Charlotte

  • Awe and wonder.
    I suspect that I saw any of the ‘signs’ I would be so intent on watching (and keeping my jaw off the ground) that remembering the camera would escape my crowded mind.
    Love that experience and determination have given you the skills to recognise the early signs.

  • Shirley

    Thank you for this most valuable lesson on photographing Raptors in flight. I have managed a few Ospreys in flight but usually my shutter speed is too low, I am too old & slow & they are too damned fast. I have gotten some nice shots of Osprey chicks exercising their wings before they have fledged and also slicing(pooping). I am so glad you did this post so I can recognize the body language & be better prepared (both me & the camera).

  • Wonderful images…good tip…

  • Ann Constantino

    Great post and photos. Thanks.

  • Sharon Constant

    Great post, Ron! Thank you so much. I love the images, especially the northern harrier and the rousing juv. red tailed hawk!

  • Dick Harlow

    These shots are a great lesson to all of us who try for flight shots of raptors. Unfortunately the raptors I see are usually in flight to begin with or are too far away for my 400, but I keep trying anyway.
    Can’t help you on the stretching, have ideas, but nothing but guesses on my part.
    Many thanks for this post, it will become a major part of my photography lesson data base!!

  • Marina schultz

    Amazing!! It’s a Christmas present all those pictures !!!!!! Sometimes your a tad stingy(😉) and only give up one. And that hawk taking off with his feathers all roused .. never seen a hawk fly off that way

    • I haven’t seen that often either, Marina – only 2 or 3 times in 10 years. I was lucky to get those shots.

      Posts like this take a LOT of time to prepare so I have to be “stingy” more often than not… 🙂

  • Susan Stone

    Very interesting information. It makes me realize that I don’t spend time sitting in one place watching birds – I generally just see them in passing while I’m doing something else. All of the shots in this series are nice, especially the female Harrier, even though she is too tight in the frame; love the detail of her coloration. I have a silly theory about the difference in stretching styles: the raptors don’t want to look like their head is on upside down (clearly the Avocet doesn’t care about – or can’t help – such things)…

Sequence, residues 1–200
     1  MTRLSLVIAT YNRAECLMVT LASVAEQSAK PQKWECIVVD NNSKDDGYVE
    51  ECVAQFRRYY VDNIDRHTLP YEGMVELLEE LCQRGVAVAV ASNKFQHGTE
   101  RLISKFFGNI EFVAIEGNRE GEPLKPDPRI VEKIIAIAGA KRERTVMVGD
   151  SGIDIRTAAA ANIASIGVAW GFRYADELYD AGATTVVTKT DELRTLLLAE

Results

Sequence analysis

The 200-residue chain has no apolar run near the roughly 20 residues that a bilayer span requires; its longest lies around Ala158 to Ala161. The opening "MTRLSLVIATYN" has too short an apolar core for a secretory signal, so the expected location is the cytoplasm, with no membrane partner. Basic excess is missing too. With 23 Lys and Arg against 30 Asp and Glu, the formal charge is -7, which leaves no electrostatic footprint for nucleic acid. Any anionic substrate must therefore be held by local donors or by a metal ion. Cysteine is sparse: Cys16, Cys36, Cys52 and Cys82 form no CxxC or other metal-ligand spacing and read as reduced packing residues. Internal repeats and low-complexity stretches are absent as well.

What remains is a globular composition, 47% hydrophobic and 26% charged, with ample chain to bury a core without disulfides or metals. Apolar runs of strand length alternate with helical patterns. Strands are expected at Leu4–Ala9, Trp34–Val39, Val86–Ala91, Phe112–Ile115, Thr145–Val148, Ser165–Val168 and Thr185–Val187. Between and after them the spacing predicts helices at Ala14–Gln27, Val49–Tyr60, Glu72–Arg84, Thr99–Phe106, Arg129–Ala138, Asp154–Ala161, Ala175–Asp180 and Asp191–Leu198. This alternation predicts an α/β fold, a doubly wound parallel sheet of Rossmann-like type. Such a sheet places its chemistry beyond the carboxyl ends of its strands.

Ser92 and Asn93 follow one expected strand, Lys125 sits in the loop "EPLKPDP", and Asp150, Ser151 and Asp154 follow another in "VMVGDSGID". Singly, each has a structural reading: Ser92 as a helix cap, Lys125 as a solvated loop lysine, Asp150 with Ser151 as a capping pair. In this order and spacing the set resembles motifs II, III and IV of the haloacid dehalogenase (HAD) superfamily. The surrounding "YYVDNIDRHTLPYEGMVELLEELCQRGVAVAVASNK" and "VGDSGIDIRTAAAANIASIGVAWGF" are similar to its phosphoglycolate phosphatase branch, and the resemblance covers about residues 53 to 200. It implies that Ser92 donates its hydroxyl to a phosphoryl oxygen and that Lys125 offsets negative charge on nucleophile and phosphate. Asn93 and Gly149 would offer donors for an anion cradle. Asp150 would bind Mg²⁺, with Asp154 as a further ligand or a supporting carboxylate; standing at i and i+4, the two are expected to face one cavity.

• Larry Muench

    I’m thinking this may be more about mating posturing in Avocets more than flight. I’ve seen this several times but many times as part of a courtship routine. Perhaps because it is part of their courtship routine, they indulge in this posture more than other birds.

    • I’ve wondered the same thing, Larry – that for some birds like these avocets it’s more of a form of communication and/or mating ritual than it is an actual stretch. Never got any confirmation on that though and Birds of North America Online says otherwise about avocets:

      “Two-wing stretch is generally performed after resting and before a period of flying, resting, or preening; most frequently performed by disturbed birds. Two-wing stretch often appears to be a pre-flight intention movement”

  • Betty Sturdevant

    Great post. I love learning new things even at my advanced age. Thanks.

  • Zaphir Shamma

    I really liked the photos and the pointers – learned new things to watch for. Thanks Ron 🙂

  • Jo Ann Donnelly

    Thank you, Thank you, Thank You, Ron!! Your info is so needed & Greatly appreciated by me(can never turn down the voice of experience)!! I also love the photos you shared for a visual of you info. With my poor vision, raptors are my birds of choice for attempting flight photos.. Can’t wait to try them out!!

  • Judy Gusick

    NICE! And a great tutorial on getting clues about taking off…………… I’ll use those for sure AND be watching the stretches for wrist action. 🙂 You must have slept better last night – good news!

  • Joanne OBrien

    Great informative post – and so beautifully illustrated with your photographs. I learn so much here. Thanks.

  • Dave Brooks

    Wow, what a great educational and beautiful series. Especially love the second rousing shot as the young redtail is halfway launched. Thank you Ron.

  • Joel H

    What a terrific series, Ron! You’re still a teacher, and lots of folks are in your early-morning class on bird behavior!